One hundred and fifty six years ago today, on 19 February 1862, Merthyr was rocked by the news of a horrific explosion at the Gethin Colliery in Abercanaid.
Gethin Colliery comprised of two seperate pits – Lower Pit (Gethin Colliery No 1) and Upper Pit (Gethin Colliery No 2). The Gethin Pit was established in 1849, when it was sunk by William Crawshay II to provide coal for the Cyfarthfa Works.
As the coal had been worked the gas had drained away naturally. At the time of the explosion the mines were being sunk to a greater depth and giving off greater quantities of gas which demanded greater skill and attention in their management.
At the time of the disaster, the mine was being managed by John Moody and various others including his son (Thomas Moody). Thomas Thomas, the fireman who ran the safety checks of the mine reported: “All is right, but there is a little gas in John Jones’ heading…….No.20 about 10 yards back from the face there had been a bit of a fall above the timbers and gas was lodged there.”
Thomas Thomas was actually at work when the explosion occurred. He had just examined the Nos. 16 to 19 cross headings, found everything all right and was on his way for his dinner. He reached the No. 14 heading when he was knocked down from behind and burnt by the blast. It was about 2 p.m.
Mr G.H. Laverick, viewer at the Plymouth Works heard the explosion at 2 p.m. He went to the pit where he met Mr Bedlington Kirkhouse, mineral agent of the Cyfarthfa Colliery, and went down the pit. He examined the doors at the No. 13 and 14 headings and a great many bodies had been brought there. He reported:
“I then proceeded to the No.18 when I got up about 50 yards on the road I picked up a burnt handkerchief. At the bottom of the No.19 heading there was a horse blown across the level. Attached to the chain was a train of coal the train was off the road, about eight or nine feet from the north side level. On the west side of the heading saw a portion of what seemed to have been a door did not observe anything of the other doors there had been a fall of earth between the level and the windroad could not proceed any further because of the chokedamp. I believe that the door at the bottom of No.19 must have been kept open at the time, otherwise it would have been shattered to pieces. The haulier was jammed between the rib and the trams. They had to left the tram to remove his body. The horse was blown across with it’s head inclined to the west, indicating that the blast had come down the heading from the north. Further up we came across four men who appeared to have had their dinners, for the stoppers being out of their bottles. They appeared to be suffocated.”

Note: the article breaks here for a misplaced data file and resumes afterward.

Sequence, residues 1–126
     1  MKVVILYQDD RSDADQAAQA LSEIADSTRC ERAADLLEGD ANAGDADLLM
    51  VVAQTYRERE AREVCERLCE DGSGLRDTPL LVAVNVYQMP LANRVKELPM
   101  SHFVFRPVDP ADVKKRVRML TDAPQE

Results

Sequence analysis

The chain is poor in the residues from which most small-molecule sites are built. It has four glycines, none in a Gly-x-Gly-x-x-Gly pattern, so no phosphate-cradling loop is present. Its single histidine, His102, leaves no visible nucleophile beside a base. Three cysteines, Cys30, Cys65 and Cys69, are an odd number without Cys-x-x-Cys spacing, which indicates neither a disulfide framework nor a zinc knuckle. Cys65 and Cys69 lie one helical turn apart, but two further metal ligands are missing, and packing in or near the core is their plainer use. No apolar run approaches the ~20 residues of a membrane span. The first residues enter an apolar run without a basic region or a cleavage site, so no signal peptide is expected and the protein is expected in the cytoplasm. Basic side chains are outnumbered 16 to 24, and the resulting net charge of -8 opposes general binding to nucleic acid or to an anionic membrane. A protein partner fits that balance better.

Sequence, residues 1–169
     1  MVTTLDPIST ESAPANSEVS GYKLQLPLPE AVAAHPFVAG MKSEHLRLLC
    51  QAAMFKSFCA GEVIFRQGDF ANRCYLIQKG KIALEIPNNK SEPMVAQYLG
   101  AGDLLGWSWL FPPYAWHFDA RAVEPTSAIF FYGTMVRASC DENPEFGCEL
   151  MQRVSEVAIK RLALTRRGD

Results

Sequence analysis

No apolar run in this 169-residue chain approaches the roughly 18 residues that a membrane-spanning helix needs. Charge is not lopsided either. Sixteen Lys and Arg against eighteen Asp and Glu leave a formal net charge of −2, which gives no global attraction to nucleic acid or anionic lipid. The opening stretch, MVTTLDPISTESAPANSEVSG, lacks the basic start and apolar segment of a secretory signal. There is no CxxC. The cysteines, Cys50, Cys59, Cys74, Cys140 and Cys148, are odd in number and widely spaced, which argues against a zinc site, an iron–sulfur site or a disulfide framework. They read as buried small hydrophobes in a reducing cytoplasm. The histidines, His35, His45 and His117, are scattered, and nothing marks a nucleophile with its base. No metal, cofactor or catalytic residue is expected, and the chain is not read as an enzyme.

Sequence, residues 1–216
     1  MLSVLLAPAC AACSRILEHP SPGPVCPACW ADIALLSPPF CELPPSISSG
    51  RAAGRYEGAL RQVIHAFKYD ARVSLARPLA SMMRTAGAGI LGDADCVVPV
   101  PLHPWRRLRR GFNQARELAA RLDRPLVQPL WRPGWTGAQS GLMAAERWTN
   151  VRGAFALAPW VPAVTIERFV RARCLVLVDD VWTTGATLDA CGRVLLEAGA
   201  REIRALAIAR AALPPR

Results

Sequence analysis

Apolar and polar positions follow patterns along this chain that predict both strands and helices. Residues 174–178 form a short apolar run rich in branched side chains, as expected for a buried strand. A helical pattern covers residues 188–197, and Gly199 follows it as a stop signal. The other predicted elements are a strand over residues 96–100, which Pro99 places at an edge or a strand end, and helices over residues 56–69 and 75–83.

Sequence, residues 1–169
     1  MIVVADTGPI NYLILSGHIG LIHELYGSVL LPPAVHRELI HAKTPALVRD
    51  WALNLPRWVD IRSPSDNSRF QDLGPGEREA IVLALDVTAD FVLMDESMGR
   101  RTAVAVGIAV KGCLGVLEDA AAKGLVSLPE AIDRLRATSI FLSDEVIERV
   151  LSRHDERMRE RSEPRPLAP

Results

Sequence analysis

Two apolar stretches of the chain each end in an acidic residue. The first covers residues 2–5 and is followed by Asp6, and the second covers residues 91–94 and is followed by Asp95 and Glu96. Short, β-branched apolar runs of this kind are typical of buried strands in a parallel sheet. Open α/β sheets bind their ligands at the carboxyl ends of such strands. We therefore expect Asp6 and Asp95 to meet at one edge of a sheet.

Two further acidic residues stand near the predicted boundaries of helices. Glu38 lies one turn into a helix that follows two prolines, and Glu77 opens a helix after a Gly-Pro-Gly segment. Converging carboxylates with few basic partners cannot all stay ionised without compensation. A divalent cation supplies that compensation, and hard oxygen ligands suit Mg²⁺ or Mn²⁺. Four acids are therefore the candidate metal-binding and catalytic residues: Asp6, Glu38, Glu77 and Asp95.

In all, 47 men and boys were killed in the explosion.
The enquiry into the explosion, which took nine days, found that the presence of poor ventilation, fire-damp (an accumulation of gases, mostly methane, that occurs in coal mines) and the irresponsible use of naked flames for lighting were the root causes of the explosion.
John Moody, after testifying, was acquitted of two charges, however he was found guilty of manslaughter by the jury. Later, a grand jury heard the evidence and produced the verdict of “No true bill”.
Just three years later, on 20 December 1865, another explosion occurred at the Gethin Colliery, this time at No 2 Pit, killing 36 men and boys. The cause of the explosion was found to be exactly the same as the first, yet once again John Moody was acquitted of manslaughter at the subsequent trial.
Coal production ceased at the Gethin Colliery in the 1920’s and it was used as a pumping station until its closure in 1947.